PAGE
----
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Britain is in the grip of a debate about the future of the European Union and Britain’s place within it. Such is the importance of the issue that entire Europe and the rest of the world are watching cautiously and are concerned about its outcome.
An EU-British divorce poses the danger of wrecking the European project because Britain is too important a member. European leaders and friends of Britain are acutely aware of this and have urged, persuaded and warned London to see reason and not to precipitate a crisis. The most notable is US uneasiness. The Obama administration warned Britain against turning inward and stressed it wanted to see the UK inside the EU, not outside. Washington is worried that its close ally’s exit would diminish its voice at the bloc, because the US and Britain share common views on several key international issues which are crucial for the former. Other EU members have said that it would be disastrous for Britain to say goodbye and lamented the direction of the debate in the country. A union which is fraying under the weight of multiple crises will be ill-equipped to suffer the consequences of a split. A leader of Angela Merkel’s party bluntly warned that Britain should not blackmail the group by attempting to block treaty changes which have been necessitated by the European crisis. More importantly, some British business leaders have warned Cameron not to jeopardise their country’s membership as it would be detrimental to British business interests.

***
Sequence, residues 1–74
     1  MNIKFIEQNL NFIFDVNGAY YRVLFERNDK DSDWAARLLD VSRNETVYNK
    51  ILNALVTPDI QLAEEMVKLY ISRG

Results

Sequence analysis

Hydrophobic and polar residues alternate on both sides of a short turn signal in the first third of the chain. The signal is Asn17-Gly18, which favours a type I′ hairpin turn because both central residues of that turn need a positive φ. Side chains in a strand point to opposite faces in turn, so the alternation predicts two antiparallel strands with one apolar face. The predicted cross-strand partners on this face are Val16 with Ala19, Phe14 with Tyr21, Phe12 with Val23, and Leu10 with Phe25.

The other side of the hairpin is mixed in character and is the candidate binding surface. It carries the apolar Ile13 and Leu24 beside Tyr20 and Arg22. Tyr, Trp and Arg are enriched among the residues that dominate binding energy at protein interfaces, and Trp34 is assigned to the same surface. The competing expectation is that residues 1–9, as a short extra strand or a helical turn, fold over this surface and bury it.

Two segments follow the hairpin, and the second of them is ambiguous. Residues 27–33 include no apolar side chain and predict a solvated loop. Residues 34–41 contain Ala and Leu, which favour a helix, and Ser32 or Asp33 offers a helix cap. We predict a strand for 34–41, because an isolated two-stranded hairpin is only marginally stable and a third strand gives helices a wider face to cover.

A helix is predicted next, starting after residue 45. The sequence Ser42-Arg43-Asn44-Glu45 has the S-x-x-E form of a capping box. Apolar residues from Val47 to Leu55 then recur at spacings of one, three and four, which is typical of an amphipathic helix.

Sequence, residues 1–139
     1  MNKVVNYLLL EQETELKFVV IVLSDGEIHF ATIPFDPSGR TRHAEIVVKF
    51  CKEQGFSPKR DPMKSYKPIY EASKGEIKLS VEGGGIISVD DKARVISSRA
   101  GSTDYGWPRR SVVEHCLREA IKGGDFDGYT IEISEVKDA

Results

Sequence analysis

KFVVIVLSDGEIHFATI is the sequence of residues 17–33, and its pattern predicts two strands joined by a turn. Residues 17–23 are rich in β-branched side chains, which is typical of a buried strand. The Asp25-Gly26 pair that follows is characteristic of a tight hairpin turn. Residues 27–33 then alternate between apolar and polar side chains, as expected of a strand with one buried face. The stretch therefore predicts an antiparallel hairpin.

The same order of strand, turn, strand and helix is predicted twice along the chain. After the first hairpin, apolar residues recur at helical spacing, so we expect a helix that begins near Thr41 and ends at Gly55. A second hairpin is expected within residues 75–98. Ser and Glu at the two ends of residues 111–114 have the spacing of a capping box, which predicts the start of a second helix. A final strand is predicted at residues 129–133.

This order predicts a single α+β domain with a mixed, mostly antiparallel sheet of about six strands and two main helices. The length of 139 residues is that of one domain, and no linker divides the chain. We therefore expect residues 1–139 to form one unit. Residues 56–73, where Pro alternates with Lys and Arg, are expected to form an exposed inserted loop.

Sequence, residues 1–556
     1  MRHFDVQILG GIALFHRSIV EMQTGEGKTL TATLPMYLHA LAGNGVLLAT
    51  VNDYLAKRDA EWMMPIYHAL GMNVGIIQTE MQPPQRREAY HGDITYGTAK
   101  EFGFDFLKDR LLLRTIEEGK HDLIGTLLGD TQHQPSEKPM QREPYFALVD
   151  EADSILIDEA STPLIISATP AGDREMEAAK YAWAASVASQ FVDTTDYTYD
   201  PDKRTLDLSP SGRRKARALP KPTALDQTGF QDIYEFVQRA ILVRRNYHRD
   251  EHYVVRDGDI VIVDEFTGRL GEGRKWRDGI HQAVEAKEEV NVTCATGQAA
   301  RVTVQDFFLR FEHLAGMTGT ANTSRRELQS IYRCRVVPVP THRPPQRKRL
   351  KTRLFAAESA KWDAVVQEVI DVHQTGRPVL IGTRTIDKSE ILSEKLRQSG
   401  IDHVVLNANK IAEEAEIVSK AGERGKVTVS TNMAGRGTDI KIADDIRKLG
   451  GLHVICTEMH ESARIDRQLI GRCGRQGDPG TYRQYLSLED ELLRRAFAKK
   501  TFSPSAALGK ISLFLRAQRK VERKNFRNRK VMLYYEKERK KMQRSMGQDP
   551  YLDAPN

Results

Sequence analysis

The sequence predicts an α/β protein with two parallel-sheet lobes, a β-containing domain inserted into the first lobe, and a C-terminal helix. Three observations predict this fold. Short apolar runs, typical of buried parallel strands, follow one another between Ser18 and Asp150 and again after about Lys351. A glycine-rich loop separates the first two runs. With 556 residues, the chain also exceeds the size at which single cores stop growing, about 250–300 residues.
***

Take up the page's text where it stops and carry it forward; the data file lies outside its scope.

The current debate on EU in Britain seems to be more nationalistic and emotional than intellectual and objective, and has been dominated by Eurosceptics, which is the result of years of anti-EU populism. A decision must be based on reason and a thorough study of its impact and consequences. This is an issue in which a number of factors are intertwined, like culture, history, geography and language, where a postcolonial self-delusion about British superiority and continental inferiority has given an unhealthy dimension to the debate.
Prime Minister Cameron has a delicate job satisfying both his European friends and the belligerent anti-EU sections in his country. He is showing signs of cracking under pressure but must regain pose and place the interests of his country on top. It’s impossible to satisfy both camps but any decision he takes with conviction will help him weather the crisis.
In the coming weeks, the debate is likely to intensify. Ultimately, if the British public chooses to part ways with the bloc through a referendum, Europeans must accept it with poise. Because, Britons are supremely intelligent and capable of deciding what suit them best – whether a life embedded in Europe or outside it.